A few days ago I wrote some criticism about Worldcon, closed social groups, and how intimidating the experience was. It occurs to me that managing group behaviors and lowering barriers to entry are, how do you say, part of my freaking job. So it behooves me to offer a bunch of potential solutions, right?
And no, none of them is "make Worldcon a for-profit endeavor like Dragon Con." Let's not be silly.
1. A greeter/buddy program. Per comments in the original Worldcon post. This idea is to get experienced and friendly volunteers willing to hang around at the registration desk. When a first-timer shows up, it's the greeter's job to show the ropes, explain lingo, answer questions. Even better: enough volunteers that the greeter can wander off with a new person for a while, make some initial introductions, maybe invite the new fan to lunch, and check on them periodically during the event to make sure they're doing OK. At a small con, you don't even need an explicit program for this so much as people who recognize it's important to do it -- in fact I consciously try to do this thing for people I don't know at a place like ARGfest, where I am that old-timer who knows everybody.
2. A mixer event specifically for newcomers and conrunners. ...and make sure to explicitly invite new fans to this event. This actually solves two problems -- the isolation/barrier to entry problem for a solo first-time congoer, and the problem of how to funnel people into volunteering and in general get more labor to make a con go. Take the people at the very top and the people at the very beginning and have them rub elbows. Make a point for the veterans to mingle with the new people, and not just each other; see this as a (gentle!) recruiting opportunity. Meanwhile, new people make friends on the inside, and start to get a sense of belonging. And conrunners get a sense of what's going through the heads of new people, which can otherwise be tricky if you've been in a community for a long time. Alas, it doesn't help the person with a day pass, and since it would be an evening event it doesn't solve the problem of one or two really lonely and scary days at first.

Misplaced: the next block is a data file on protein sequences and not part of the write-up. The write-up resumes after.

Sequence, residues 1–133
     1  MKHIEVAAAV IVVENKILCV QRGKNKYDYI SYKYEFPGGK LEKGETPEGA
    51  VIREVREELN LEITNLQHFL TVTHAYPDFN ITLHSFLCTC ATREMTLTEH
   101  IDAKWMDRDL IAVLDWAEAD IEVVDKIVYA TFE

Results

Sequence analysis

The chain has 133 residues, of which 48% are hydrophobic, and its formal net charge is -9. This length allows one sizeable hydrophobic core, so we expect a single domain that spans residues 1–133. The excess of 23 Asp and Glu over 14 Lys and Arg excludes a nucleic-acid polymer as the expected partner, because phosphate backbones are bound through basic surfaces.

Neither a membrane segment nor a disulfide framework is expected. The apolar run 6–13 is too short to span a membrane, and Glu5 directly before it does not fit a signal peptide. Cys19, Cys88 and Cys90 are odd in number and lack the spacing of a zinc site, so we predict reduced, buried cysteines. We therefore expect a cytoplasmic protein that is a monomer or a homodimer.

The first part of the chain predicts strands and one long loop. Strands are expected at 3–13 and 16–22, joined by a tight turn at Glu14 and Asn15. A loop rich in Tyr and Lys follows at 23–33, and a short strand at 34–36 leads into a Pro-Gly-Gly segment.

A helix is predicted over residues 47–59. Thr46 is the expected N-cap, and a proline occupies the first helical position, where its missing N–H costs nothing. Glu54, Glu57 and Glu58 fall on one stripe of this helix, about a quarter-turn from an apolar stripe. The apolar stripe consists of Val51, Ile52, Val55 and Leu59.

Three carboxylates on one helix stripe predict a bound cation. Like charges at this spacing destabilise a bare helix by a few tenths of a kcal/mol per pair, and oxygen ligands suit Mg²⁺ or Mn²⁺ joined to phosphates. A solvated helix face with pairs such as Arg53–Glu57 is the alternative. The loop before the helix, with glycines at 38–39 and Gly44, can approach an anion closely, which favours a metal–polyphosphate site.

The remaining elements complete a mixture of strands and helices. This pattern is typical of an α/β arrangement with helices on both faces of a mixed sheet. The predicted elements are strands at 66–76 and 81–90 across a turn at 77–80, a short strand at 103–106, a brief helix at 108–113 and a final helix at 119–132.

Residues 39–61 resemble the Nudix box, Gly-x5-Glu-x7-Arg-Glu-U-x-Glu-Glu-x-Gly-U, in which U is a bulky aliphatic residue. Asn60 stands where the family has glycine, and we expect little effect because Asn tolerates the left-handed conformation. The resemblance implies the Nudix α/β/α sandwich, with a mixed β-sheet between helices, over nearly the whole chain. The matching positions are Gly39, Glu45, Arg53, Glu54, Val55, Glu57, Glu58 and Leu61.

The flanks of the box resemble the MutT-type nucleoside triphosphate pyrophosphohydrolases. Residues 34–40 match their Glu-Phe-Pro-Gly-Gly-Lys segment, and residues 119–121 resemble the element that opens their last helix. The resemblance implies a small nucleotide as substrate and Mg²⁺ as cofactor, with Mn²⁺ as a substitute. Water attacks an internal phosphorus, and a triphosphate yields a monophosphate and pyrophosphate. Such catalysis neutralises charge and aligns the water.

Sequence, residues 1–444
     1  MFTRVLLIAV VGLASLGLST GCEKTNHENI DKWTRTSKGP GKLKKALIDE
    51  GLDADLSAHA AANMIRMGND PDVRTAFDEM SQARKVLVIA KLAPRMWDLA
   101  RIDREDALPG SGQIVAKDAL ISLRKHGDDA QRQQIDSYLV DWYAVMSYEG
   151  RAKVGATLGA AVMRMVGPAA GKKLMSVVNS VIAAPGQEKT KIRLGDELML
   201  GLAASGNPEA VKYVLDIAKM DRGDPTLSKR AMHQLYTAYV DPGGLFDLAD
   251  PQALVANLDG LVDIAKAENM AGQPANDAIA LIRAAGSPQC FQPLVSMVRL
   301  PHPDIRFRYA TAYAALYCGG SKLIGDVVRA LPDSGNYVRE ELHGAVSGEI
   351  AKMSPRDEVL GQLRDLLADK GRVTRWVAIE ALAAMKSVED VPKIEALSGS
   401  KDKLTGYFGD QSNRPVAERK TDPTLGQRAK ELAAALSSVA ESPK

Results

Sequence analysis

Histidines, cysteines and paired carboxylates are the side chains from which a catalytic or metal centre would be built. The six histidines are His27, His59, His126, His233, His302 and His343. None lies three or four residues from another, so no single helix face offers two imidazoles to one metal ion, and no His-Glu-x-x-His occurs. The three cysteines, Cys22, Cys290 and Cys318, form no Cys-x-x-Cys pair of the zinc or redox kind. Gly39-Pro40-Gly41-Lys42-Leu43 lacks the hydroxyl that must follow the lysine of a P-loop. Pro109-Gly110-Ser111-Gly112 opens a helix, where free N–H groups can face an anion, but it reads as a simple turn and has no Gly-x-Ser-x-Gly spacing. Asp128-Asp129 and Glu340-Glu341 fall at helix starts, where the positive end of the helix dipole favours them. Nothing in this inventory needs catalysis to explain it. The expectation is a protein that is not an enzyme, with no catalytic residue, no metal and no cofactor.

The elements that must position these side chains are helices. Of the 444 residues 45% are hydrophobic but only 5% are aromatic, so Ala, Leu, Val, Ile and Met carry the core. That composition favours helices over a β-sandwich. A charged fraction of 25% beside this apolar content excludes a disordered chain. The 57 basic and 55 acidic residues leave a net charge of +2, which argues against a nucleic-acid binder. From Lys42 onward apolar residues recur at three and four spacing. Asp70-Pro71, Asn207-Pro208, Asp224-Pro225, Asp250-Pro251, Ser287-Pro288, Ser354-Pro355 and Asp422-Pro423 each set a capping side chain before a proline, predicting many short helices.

3. Get out of the hotel rooms at night. This one is probably pie-in-the-sky for reasons of tradition and budget, but I also see it as deadly important if you're serious about lowering social barriers to entry. There's a real disconnect between how hotel rooms are perceived in culture and how they're used at Worldcon (and I assume other SF cons.) Hotel rooms are understood to be private spaces. They are bedrooms. They're places you go for privacy and intimacy. Telling a first-time congoer to go to a hotel room for a social event is intimidating and scary. They do not know whether or not to expect a murdersex painorgy. After-hours social events are much more welcoming in bars, restaurants, lobbies, parks -- spaces understood to be public already.
4. Make a room in the convention for stragglers. ...but definitely not a hotel room, like the consuite, for the reasons detailed above. This would be a room in the con proper for people to go when they're lost and at a loose end and in the mood to meet new people. There should be rules about how to behave -- making sure to say hello and introduce yourself to people coming in, most notably -- so you don't just wind up with closed social groups inside of this room, which would defeat the whole purpose. Its existence should be widely publicized.
5. An icebreaker game. Games are not my solution to everything, but games can be a solution to lots of things, and this is one of them! At registration, give people several of a $THING. (Name tags in the most boring interation, but it can be skinned with pictures, collectible cards, whatever.) The point of the game is to collect as many unique varieties of these cards as possible. (I'm not stopping the post to design the whole game, I know the rules don't quite add up yet, but we could totally make it work.) Offer a reward. Smart players will focus on people who look a little lost and alone, and the interaction required to get someone's tag or card might just result in a more lasting friendship. Or at least acquaintanceship! Added bonus: this has 'sponsorship opportunity' written alllll over it.